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Tax train poised to leave the station as GOP bigs rejoice

Speaker of the House Paul Ryan is joined

Speaker of the House Paul Ryan is joined by House Republican leaders on Tuesday afternoon, Dec. 19, 2017, after they passed a tax cut bill. Credit: Getty Images / Chip Somodevilla

Casting the tax die

Deep divisions over the sweeping new national tax measure showed no signs of abating Tuesday even as Congress stayed on track to approve it.

“This really is a generational, defining moment,” said House Speaker Paul Ryan (R-Wis.) before its 227-203 approval vote. “This is our chance, this is our moment.”

The moment is expected to be repeated in the House on Wednesday, however. The do-over results from a technical hitch involving the Senate, which modified and approved the measure 51-48 early Wednesday, after hours of praise on the floor from Republicans and warnings from Democrats.

House Minority Leader Nancy Pelosi (D-Calif.) blasted the bill as a “GOP tax scam” and a “brazen con job.” It is another tale of two perceptions, one shaded blue and the other red.

Supporters hail it as great relief for the middle class, helpful for corporations and jobs, and a first victory for Republicans’ ability to steer business under President Donald Trump.

Even before it was fully drafted, Trump called it a “big, beautiful Christmas present” for Americans.

Critics will continue to pan the law as an enormous handout for the rich that slams blue states like New York, as polls show it to be widely unpopular across the U.S.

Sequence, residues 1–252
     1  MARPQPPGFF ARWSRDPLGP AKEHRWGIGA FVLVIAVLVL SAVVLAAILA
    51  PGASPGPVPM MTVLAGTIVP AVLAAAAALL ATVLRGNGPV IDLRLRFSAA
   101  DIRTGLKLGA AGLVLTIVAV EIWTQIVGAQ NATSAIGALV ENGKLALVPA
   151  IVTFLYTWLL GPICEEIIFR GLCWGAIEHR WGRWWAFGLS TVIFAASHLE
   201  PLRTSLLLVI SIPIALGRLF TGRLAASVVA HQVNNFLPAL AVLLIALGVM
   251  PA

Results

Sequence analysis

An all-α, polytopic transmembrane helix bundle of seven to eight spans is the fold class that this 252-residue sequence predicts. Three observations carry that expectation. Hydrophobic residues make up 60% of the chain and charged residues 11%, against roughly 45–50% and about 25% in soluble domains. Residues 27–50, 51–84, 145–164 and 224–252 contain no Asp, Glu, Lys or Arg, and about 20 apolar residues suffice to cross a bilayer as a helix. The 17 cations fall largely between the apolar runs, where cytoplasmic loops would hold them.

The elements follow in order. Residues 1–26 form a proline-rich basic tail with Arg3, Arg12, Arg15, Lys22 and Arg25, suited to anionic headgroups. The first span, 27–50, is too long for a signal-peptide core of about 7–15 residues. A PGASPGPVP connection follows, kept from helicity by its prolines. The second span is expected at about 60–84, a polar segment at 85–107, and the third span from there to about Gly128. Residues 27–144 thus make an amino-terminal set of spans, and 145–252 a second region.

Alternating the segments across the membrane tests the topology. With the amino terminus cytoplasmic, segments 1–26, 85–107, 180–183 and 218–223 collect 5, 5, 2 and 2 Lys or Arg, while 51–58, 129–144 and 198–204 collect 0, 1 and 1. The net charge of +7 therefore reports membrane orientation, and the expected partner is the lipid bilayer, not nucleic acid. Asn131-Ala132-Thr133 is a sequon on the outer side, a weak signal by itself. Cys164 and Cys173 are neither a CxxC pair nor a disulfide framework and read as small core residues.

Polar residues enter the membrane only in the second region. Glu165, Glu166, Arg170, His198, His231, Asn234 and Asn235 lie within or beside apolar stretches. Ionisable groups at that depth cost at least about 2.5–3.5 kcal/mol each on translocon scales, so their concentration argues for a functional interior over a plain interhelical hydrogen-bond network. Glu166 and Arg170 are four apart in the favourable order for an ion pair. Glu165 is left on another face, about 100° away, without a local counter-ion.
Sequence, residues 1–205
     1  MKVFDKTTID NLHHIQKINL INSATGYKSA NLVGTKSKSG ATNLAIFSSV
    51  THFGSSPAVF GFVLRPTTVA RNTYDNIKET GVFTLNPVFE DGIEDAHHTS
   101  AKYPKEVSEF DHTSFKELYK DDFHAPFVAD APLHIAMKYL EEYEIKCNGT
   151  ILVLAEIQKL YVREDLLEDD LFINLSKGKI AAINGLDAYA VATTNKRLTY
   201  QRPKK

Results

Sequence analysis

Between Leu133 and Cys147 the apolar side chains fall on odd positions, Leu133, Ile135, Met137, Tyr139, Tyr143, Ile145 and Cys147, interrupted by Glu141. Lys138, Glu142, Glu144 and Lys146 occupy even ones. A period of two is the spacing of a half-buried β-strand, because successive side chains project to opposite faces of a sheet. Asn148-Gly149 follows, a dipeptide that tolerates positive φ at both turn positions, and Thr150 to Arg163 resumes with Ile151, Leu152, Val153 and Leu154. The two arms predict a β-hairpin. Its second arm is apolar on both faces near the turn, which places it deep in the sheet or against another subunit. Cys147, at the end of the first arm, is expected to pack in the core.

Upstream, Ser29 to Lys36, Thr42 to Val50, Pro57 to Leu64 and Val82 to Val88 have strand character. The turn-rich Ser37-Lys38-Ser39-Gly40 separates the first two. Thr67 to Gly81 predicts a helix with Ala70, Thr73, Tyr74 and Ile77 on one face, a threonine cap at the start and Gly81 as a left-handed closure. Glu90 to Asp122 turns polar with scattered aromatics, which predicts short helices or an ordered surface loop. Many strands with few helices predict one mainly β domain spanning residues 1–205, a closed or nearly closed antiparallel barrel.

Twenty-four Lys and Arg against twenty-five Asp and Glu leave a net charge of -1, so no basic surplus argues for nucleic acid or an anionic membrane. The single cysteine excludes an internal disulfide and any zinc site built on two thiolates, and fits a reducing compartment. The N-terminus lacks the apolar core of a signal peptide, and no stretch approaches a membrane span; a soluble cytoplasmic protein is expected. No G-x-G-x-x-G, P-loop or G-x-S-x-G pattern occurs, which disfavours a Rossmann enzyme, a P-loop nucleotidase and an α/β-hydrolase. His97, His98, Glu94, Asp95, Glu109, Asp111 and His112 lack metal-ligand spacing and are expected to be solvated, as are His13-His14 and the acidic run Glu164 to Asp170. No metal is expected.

See coverage by Tom Brune for Newsday.

Executive privilege

For the first time, White House spokeswoman Sarah Huckabee Sanders acknowledged Trump could benefit from some business provisions in the bill heading for his desk as early as this week.

Trump has denied it, saying he’d be a “big loser” under its terms.

“In some ways, particularly on the personal side, the president will likely take a big hit,” Sanders said during a White House press briefing. “But on the business side, he could benefit.”

Nobody can check what’s true, of course, since he’s the first president in a generation to decline to release his taxes. Questions also hover around the benefit for family members. A big windfall was added for real estate developers late in the negotiation process, according to Bloomberg News.

The empires talk back

China and Russia reacted with negative statements to Trump’s description of them on Monday as power rivals that threaten American economic strength.

Spokeswoman Hua Chunying said: “No country or report will succeed in distorting facts or deploying malicious slander. We urge the U.S. side to stop intentionally distorting China’s strategic intentions and to abandon outdated ideas of Cold War mentality and the zero-sum game.”

Russia attacked the “imperialist character” of the president’s new written security strategy, with its spokesmen saying the nation “cannot accept” Trump’s hostile characterization.

What else is happening

  • Trump tweeted after Monday’s fatal Washington state train derailment about his future infrastructure plan. But he has sought Amtrak cuts — and speed, not deterioration, looks like the cause.
  • Long Island Republican Reps. Peter King and Lee Zeldin voted, as expected, against the tax bill, citing its dramatic shrinkage of state and local tax deductions.
  • Homeland Security adviser Tom Bossert pointed the finger at North Korea for a “careless and reckless” ransomware attack in May that infected hundreds of thousands of computers.
  • The Environmental Protection Agency is canceling a $120,000 “media tracking” contract with a Republican PR and opposition-research firm, The Washington Post reports.

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